Today dear readers I am reviewing Muscle and Mouth (Published 11th June 2021) By Louise Finnigan. A big thank you to the publishers Fly On The Wall Press for sending me a copy to read and review, always appreciated.
This short story is a part of The Fly on the Wall shorts season. Every two months for a year starting from February 26th 2021 they are publishing a short story with a social message to be found in each one. Find out more details here.
Muscle and Mouth
Jade is prepping an A-Level assignment, all her sights set on Durham University. She’s told she has to ‘prove herself’ and keep her away from the unsavoury types she calls her best friends. Yet Jade is reluctant to shun her corner of Manchester, where she finds the land rich, ‘dark with energy’.
About The Author
Louise Finnigan lives and writes in Manchester. Her work has been longlisted for The Mairtin Crawford Award and shortlisted for The Cambridge Short Story Prize. Last year, she was a finalist in The Manchester Fiction Prize. Her work has appeared, and is due to appear, in various anthologies and she has been published online with Storgy. Louise is interested in writing from the perspectives of working-class teenagers who are negotiating their identity in a world which requires them to change themselves if they are to ‘escape’. Her stories are set on council estates, in high-rise flats and failing schools and aim to present the complexity of situations which might be easily dismissed as non-literary. All settings are Mancunian or linked to the city in some way, and all characters are drawn with love.
In this short story the reader follows Jade, who is tasked with recording people speaking and writing an essay about it. She hopes to go to Durham University and this assignment could make or break that dream.
Jade interviews three young men aged between 20 to 25, Stephen, Mikey and Connor. She records them on tape at Stephen’s flat as they sit back and drink bottles of Hooch. They talk about their hometown and where they see themselves in the future. None of the men are in full time employment at the time of the interview but Stephen is applying to be trained as a joiner and Mikey has some part time work as a security guard. Finnigan creates a chilled, laid back atmosphere as the conversation begins to flow. When events took a surprising turn I was shocked. I didn’t see it coming and it completely caught me off guard. What seemed to be a relaxing night in with mates soon became a bloodbath complete with three missing teeth. It was a cleverly placed plot twist as it coincided with Finnigan’s message of how society view young men from an underclass background. Society expects nothing less from these men, assuming nothing good can happen in their company and they will soon end up in prison or dead. Like Jade the reader refuses to believe this as the evening starts off calmly. However when events take a turn for the worse you feel conflicted. You try to push past the association of crime and bad dealings that hang round these young men’s necks and look at the people they are.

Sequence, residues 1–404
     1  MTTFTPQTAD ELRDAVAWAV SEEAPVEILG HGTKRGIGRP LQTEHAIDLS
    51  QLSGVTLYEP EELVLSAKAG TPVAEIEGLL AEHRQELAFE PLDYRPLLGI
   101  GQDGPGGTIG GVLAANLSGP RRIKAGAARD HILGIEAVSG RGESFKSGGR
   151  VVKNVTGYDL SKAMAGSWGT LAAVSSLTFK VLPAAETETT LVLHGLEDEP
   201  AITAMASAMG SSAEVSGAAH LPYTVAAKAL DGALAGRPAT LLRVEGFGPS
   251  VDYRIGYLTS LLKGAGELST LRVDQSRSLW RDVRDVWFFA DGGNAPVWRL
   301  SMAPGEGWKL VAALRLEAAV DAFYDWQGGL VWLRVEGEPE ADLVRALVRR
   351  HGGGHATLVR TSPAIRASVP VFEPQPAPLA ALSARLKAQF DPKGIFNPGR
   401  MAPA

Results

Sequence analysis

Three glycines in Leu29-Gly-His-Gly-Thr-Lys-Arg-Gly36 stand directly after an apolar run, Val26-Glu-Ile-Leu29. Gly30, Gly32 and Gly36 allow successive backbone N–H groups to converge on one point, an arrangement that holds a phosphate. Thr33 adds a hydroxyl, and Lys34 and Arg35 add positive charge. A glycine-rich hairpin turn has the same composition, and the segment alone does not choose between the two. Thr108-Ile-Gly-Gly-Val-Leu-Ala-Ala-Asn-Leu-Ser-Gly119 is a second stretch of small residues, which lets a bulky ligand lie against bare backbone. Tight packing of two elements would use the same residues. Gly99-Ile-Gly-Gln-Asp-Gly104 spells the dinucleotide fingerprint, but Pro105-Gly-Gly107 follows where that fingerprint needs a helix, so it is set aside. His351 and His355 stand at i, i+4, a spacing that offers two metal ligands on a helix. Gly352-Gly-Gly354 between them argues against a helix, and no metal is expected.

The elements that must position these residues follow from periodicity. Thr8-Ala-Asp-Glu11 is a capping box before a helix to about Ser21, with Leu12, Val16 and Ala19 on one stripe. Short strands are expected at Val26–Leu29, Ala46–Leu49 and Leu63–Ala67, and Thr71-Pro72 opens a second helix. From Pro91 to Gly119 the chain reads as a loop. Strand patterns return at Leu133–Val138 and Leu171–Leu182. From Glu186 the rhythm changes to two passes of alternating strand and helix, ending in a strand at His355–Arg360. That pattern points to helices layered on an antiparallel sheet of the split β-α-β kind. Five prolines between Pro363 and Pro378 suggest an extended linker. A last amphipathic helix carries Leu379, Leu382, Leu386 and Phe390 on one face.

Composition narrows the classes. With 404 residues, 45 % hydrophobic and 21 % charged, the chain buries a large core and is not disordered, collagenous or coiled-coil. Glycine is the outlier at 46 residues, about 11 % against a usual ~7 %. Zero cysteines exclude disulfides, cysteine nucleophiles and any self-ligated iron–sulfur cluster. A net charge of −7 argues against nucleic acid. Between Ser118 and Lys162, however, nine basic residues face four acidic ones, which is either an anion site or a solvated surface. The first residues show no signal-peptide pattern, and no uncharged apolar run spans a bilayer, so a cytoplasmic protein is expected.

This story focuses on the language of young men set against the most dodgy housing estate in Manchester, known for its stabbings and drug dealings. As Stephen says, the place is a shithole but he is proud to be from around there, it’s about the people. You see past the grime and dirt, the company you keep offers you a drink and you feel welcomed without question.
As the interview proceeds Mikey’s accent starts to get thicker as he’s starting to enjoy himself. This prompts Jade into thinking about how she will lose sounds when she goes to uni. She will speak different words and a more fitting vocabulary for her course. This was interesting to read and think about as often where we live impacts the way we speak. We will use local phrases out of habit and adapt to the sounds of the words used in hopes of fitting in. Jade loves the way the young men speak and how she does when with them but knows that it will soon become alien to her.
Finnigan captures the very essence of Manchester as she wanders through its streets. It’s a hidden gem, often viewed as bleak and depressing by it’s residents. They fail to see how rich the land is. The green and fertile, it’s all around but people don’t mention it. The young men mention this in the interview and talk about how people just see the massive estate and crime rate in the paper. Society stereotypes them and refuses to see anything but the negative. It’s a saddening fact that once your name becomes tarnished it becomes impossible to erase. This in turn influences how the young men start to see themselves, believing themselves to not be good for anything less than what is expected of them, which can also impact mood and lead to mental health issues. It’s a massive domino effect that will continue to happen until something or someone decides to change the rules.
I give Muscle and Mouth By Louise Finnigan a Four out of Five Paw rating.
Thought-provoking and intriguing this short story will question society’s views on the underdogs. You will be captivated by Finnigan’s imagery and shaken by the harsh realities of the world we live in.
I enjoyed reading the transcript of the conversation as Finnigan captures the Northern accent perfectly. It’s rich, raw and nudges you to think of your own hometown. This short story speaks strongly about where you are from and raises/answers questions about how society view our hometowns.
Hop hop wiggle wiggle
Reblogged this on Isabelle Kenyon: Writer and Editor and commented:
For all the Mancunians out there!